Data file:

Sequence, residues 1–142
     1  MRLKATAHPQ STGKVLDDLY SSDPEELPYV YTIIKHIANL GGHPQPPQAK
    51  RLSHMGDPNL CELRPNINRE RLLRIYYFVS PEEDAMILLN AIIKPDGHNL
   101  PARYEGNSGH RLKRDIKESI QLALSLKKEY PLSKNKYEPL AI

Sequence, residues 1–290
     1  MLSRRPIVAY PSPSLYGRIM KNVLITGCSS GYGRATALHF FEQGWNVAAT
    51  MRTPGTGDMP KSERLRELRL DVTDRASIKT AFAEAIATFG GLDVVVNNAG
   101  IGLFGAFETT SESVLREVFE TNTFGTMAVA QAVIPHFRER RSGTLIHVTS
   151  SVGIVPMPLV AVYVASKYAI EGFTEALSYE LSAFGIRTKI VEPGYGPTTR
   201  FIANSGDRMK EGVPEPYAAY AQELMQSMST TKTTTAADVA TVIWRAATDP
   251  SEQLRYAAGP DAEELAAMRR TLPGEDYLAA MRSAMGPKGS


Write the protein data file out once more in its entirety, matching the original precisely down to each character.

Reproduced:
Sequence, residues 1–142
     1  MRLKATAHPQ STGKVLDDLY SSDPEELPYV YTIIKHIANL GGHPQPPQAK
    51  RLSHMGDPNL CELRPNINRE RLLRIYYFVS PEEDAMILLN AIIKPDGHNL
   101  PARYEGNSGH RLKRDIKESI QLALSLKKEY PLSKNKYEPL AI

Sequence, residues 1–290
     1  MLSRRPIVAY PSPSLYGRIM KNVLITGCSS GYGRATALHF FEQGWNVAAT
    51  MRTPGTGDMP KSERLRELRL DVTDRASIKT AFAEAIATFG GLDVVVNNAG
   101  IGLFGAFETT SESVLREVFE TNTFGTMAVA QAVIPHFRER RSGTLIHVTS
   151  SVGIVPMPLV AVYVASKYAI EGFTEALSYE LSAFGIRTKI VEPGYGPTTR
   201  FIANSGDRMK EGVPEPYAAY AQELMQSMST TKTTTAADVA TVIWRAATDP
   251  SEQLRYAAGP DAEELAAMRR TLPGEDYLAA MRSAMGPKGS